Technical Assistance on BPS may take the form of:
|State and local governments||N/A||None||N/A|
|3||Clean Energy Demonstration Program on Current and Former Mine Land||Clean Energy on Mine Lands||US Department of Energy (DOE) Office of Clean Energy Demonstrations, National Renewable Energy Laboratory (NREL)||The goal is to enable widespread clean energy deployment by demonstrating the technical and economic viability of carrying out clean energy projects on current and former mine land. Up to five replicable clean energy demonstration projects will be carried out in geographically diverse regions, at least two of which will be solar projects.||In addition to funding, projects are eligible to receive technical assistance through NREL. Eligible clean energy sources are solar; micro-grids; geothermal; direct air capture; fossil-fueled electricity generation with carbon capture utilization and sequestration; energy storage, including pumped storage hydropower and compressed air storage; and advanced nuclear technologies||
Examples of technical assistance include:
|State and local governments, tribes, non-profit community-based organizations in former mining communities, industry representative companies||TBD||Begins in calendar year 2023, available through 2026|
|4||Combined Heat and Power (CHP) Technical Assistance Partnerships (TAPs)||Combined Heat and Power (CHP)||US Department of Energy (DOE) Better Buildings Initiative||Through Better Buildings, DOE partners with leaders in the public and private sectors to make the nation’s homes, commercial buildings, and industrial plants more energy-efficient by accelerating investment and sharing successful best practices||CHP TAPs promote and assist in transforming the market for CHP, waste heat-to-power, and district energy technologies/concepts throughout the United States. States can partner with their regional TAP. Regions include New England, New York-New Jersey, Mid-Atlantic, Southeast, Midwest, Central, South Central, Upper West, Western, and Northwest.||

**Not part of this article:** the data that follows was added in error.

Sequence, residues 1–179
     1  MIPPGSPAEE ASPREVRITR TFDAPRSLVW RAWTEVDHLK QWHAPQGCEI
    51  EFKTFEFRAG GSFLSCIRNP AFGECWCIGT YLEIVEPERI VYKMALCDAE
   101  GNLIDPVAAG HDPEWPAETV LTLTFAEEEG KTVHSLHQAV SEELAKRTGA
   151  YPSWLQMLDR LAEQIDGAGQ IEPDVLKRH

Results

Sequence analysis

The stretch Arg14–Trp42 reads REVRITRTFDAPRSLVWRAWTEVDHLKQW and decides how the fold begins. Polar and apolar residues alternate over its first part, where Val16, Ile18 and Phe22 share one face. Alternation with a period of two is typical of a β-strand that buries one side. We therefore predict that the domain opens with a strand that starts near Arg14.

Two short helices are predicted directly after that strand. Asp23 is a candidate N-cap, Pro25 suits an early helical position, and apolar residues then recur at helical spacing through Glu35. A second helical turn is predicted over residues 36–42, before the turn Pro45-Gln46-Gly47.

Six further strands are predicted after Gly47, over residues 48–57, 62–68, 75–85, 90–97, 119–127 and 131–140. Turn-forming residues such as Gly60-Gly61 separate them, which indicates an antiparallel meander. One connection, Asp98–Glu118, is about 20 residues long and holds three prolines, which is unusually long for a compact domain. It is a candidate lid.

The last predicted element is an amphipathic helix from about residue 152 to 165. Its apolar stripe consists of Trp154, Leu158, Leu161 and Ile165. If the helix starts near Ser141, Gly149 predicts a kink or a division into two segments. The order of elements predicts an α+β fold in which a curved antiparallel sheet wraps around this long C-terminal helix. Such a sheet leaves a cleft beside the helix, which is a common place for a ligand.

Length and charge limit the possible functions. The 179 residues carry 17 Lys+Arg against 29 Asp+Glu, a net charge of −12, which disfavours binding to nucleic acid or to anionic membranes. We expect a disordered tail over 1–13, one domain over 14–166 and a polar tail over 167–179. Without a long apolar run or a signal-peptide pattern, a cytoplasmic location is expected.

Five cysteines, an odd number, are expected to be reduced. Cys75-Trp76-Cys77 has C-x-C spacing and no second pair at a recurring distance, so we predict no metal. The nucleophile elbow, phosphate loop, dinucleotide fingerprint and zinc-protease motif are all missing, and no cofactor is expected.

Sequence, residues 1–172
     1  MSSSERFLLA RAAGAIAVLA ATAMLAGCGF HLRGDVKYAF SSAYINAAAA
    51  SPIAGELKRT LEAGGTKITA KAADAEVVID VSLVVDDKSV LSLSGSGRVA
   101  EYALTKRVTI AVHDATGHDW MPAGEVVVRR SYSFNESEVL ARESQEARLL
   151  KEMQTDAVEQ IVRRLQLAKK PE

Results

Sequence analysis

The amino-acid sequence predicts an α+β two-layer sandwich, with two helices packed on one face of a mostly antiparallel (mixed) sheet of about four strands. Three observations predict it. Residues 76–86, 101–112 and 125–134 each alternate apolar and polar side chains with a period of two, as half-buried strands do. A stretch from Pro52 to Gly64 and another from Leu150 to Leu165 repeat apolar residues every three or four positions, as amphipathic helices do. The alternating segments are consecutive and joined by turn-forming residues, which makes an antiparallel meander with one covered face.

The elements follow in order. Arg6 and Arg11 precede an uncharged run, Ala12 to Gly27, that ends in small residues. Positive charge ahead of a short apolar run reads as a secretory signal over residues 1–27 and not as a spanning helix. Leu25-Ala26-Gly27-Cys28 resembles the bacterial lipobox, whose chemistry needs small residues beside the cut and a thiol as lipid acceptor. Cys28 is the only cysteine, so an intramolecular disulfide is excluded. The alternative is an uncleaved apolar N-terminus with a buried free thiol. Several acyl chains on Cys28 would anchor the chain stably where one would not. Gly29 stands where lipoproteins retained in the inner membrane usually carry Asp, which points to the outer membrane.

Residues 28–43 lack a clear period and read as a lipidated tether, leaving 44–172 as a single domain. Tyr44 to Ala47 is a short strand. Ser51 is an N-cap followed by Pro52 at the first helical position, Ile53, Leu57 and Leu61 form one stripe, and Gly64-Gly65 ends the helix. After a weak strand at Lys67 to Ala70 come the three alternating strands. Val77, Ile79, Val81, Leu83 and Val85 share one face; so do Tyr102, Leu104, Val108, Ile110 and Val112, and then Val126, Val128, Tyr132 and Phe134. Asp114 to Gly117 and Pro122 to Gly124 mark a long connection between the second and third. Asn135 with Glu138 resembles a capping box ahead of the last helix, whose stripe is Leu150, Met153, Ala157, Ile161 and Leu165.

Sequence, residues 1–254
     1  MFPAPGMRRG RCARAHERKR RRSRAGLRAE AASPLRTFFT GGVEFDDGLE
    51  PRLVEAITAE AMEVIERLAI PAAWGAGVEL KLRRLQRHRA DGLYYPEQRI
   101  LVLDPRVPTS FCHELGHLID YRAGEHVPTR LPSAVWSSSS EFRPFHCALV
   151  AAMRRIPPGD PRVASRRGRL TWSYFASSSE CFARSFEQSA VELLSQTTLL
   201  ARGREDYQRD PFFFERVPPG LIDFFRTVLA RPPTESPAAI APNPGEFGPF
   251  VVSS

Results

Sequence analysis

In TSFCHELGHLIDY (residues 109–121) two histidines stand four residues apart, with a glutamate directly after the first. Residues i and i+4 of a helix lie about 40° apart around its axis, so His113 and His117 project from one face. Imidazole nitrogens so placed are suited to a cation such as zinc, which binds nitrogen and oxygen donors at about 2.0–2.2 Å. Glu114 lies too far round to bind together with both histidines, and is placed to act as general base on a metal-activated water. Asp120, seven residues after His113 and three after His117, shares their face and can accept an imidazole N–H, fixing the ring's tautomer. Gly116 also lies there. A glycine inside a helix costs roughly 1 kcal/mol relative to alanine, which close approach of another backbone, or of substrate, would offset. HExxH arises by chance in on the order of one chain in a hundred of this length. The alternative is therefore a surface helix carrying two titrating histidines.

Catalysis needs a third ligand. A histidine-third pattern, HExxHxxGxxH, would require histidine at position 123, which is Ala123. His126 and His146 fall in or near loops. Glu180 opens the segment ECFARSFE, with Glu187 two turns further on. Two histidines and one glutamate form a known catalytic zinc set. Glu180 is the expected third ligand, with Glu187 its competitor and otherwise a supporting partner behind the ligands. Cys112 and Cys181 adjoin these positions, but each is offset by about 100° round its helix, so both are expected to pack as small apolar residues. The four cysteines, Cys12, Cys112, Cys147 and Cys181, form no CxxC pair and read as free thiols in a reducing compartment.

Key services of the CHP TAPs include:
Contact your regional TAP representative.
|N/A||None||N/A||Contact your regional TAP representative. Visit the link under "How to Apply" to find you regional representative.|
|5||National Electric Vehicle Infrastructure Program||Electric Vehicles (EVs), Vehicle Charging, Clean Buses, Clean Transit||Joint Office of Energy and Transportation||The Joint Office of Energy and Transportation supports the deployment of zero-emission, convenient, accessible, equitable transportation infrastructure—coordinating and leveraging activities between the U.S. Department of Energy and the U.S. Department of Transportation||The Joint Office of Energy and Transportation provides technical assistance in planning and implementation of a national network of electric vehicle chargers and zero-emission fueling infrastructure as well as zero-emission transit and school buses. Initially, the Joint Office will work with states and key stakeholders to build capacity for electric vehicles, plan for charging infrastructure, and implement approved state plans. Additional support is provided for deploying electric school buses and electric transit buses.||
The Joint Office provides a variety of technical assistance. On the site (linked in the "more information" cell) there are links to the following resources:
|State governments, K-12 school districts||
Visit https://driveelectric.gov/technical-assistance/ and select the progam that you are interested in. Please direct questions to the link in the "point of contact" cell.
|See specific programs for details||See specific programs for details||2022-2026|